Tim Cook’s Apple rises to ‘Bendygate’ challenge

“With “Bendgate” and a faulty software update, Apple certainly endured a couple of difficult days this week. But you can’t ignore the speed and efficiency with which it responded to these unexpected challenges,” Jonny Evans writes for Computerworld. “The speed of its response sets the company apart from competitors. You see, within around 48-hours the Tim Cook company had acted and responded to the problems.”

“I think it is telling that some Apple competitors moved so fast to publish ads that mocked Apple’s problems. In being so cheap they exposed their own moral weakness — have they never had a problem?” Evans writes. “These cheap shots shows discerning customers what they can expect when using competing products. That’s something that shows when you try to contact customer support — where Apple is number one.”

“Apple responded quickly, calmly and effectively to handle the problems as they were identified. While its responses won’t attract as much attention as its stumbles (such is the nature of modern media), Apple’s customers won’t be surprised. They know Apple usually tries to help them,” Evans writes. “That’s why Apple is such a powerful brand in consumer electronics.”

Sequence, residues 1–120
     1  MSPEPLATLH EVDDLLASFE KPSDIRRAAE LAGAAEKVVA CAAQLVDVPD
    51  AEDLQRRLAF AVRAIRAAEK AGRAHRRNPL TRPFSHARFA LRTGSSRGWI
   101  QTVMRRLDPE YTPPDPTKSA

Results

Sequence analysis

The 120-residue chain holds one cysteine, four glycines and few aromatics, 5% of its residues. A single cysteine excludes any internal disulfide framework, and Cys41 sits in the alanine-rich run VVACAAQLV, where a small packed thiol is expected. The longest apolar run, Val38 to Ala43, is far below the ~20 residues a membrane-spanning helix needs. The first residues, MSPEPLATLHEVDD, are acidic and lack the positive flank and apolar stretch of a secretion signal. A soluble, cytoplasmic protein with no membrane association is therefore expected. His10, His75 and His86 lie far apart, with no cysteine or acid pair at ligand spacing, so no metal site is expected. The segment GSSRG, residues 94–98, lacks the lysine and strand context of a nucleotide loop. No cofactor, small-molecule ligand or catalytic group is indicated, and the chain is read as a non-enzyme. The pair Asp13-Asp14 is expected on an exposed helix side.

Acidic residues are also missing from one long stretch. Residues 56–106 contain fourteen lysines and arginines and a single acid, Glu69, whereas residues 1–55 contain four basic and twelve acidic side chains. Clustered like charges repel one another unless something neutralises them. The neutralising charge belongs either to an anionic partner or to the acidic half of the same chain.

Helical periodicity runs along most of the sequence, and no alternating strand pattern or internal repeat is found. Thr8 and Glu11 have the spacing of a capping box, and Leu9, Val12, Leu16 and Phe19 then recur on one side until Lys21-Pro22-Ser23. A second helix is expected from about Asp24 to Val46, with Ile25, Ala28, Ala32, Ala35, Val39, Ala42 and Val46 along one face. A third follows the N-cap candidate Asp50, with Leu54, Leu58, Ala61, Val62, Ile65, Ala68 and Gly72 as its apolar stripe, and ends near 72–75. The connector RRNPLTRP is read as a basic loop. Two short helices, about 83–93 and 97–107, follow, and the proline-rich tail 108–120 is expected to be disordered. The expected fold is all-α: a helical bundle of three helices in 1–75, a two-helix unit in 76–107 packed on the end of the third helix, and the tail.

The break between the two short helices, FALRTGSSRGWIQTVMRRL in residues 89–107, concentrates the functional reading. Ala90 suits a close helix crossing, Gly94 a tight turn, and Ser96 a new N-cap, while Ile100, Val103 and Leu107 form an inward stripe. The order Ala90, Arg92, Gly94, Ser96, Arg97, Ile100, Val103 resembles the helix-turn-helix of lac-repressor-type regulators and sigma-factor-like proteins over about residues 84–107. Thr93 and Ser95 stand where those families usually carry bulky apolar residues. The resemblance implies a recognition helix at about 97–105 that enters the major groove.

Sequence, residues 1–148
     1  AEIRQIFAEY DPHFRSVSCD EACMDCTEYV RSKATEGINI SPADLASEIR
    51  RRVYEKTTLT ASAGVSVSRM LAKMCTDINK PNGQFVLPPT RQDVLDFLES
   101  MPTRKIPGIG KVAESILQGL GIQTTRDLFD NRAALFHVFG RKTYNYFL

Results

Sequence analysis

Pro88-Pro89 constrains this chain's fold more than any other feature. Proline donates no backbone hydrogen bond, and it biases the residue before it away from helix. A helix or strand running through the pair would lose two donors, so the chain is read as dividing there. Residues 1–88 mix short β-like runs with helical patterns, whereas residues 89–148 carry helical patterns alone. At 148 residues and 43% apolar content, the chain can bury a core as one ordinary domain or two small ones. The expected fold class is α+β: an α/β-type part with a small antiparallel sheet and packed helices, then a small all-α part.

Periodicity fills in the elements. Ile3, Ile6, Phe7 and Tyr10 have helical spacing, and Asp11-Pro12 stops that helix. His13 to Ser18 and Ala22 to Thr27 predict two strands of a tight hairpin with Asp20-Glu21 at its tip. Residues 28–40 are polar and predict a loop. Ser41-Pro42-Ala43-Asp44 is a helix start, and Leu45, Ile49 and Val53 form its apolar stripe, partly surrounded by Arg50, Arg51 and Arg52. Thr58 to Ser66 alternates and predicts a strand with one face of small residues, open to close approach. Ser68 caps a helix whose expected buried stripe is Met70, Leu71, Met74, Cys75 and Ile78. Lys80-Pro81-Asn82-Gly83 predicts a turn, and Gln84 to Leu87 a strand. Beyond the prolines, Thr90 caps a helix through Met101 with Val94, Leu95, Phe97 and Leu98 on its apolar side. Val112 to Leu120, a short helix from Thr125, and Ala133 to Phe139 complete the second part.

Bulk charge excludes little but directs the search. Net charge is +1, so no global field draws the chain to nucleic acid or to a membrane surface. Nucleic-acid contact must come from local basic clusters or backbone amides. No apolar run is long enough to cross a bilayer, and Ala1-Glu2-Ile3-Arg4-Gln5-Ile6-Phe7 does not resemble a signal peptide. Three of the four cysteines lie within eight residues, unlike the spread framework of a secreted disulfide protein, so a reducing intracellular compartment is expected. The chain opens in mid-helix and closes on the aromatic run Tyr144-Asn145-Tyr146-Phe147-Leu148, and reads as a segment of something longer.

Read more in the full article here.

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Apple pulls iOS 8.0.1 after users report major problems – September 24, 2014
If ‘bending’ is all Apple’s iPhone 6 Plus rivals have left, they’re roadkill – September 24, 2014
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39 Comments

    1. Actually the failed iOS 8.1 was a MAJOR technical and PR disaster. Many people, including myself, were adversely affected. Apple was slow to post a fix online and, without the iMore website, many of us would have been left hanging in the wind. Apple Support was friendly, but ultimately unhelpful, for those of us who contacted them directly.

        1. Be interesting to compare to the speed of others repo cues wouldn’t it, but of course they are rarely reported or too insignificantly to notice. All I know is that i ha a practically unusable 2 year old HP printer that the company has clearly given up on upgrading its driver software which was a clod of earth to start with. Hey try contacting them about the problem mind. At least with Apple you know because of the magnifying glass they work under things will get done even if a tad longer than ideal.

          1. As for 8.02 just upgraded from 7 and what a beautiful piece of work it is, no wonder the sad opposition and its lackies and trolls want to try to demean it. Ultimately as the writer says their efforts are ultimately like using a pea shooter against a tank. And guys worse still a tank headed in your direction rather rapidly. Be scared very scared, but then the scare stories reveal that don’t they.

      1. I wouldn’t exactly call making a fix in a little over a days time “slow”. The fast reaction on Apple’s end had a net positive effect. Saying that, the fact that the 8.01 update happened at all left me speechless, quite honestly. I doubt we’ll experience such a snafu in the future.